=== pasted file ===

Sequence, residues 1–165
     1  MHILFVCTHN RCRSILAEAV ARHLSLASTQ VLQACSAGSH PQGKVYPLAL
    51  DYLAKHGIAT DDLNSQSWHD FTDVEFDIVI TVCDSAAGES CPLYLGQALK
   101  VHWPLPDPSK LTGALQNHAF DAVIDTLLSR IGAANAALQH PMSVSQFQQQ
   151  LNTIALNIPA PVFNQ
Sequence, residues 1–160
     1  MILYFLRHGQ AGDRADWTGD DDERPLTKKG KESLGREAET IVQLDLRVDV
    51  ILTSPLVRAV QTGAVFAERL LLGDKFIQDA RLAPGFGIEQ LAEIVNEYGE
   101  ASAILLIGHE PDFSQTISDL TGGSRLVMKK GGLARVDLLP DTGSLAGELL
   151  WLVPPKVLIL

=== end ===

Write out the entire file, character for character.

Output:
Sequence, residues 1–165
     1  MHILFVCTHN RCRSILAEAV ARHLSLASTQ VLQACSAGSH PQGKVYPLAL
    51  DYLAKHGIAT DDLNSQSWHD FTDVEFDIVI TVCDSAAGES CPLYLGQALK
   101  VHWPLPDPSK LTGALQNHAF DAVIDTLLSR IGAANAALQH PMSVSQFQQQ
   151  LNTIALNIPA PVFNQ
Sequence, residues 1–160
     1  MILYFLRHGQ AGDRADWTGD DDERPLTKKG KESLGREAET IVQLDLRVDV
    51  ILTSPLVRAV QTGAVFAERL LLGDKFIQDA RLAPGFGIEQ LAEIVNEYGE
   101  ASAILLIGHE PDFSQTISDL TGGSRLVMKK GGLARVDLLP DTGSLAGELL
   151  WLVPPKVLIL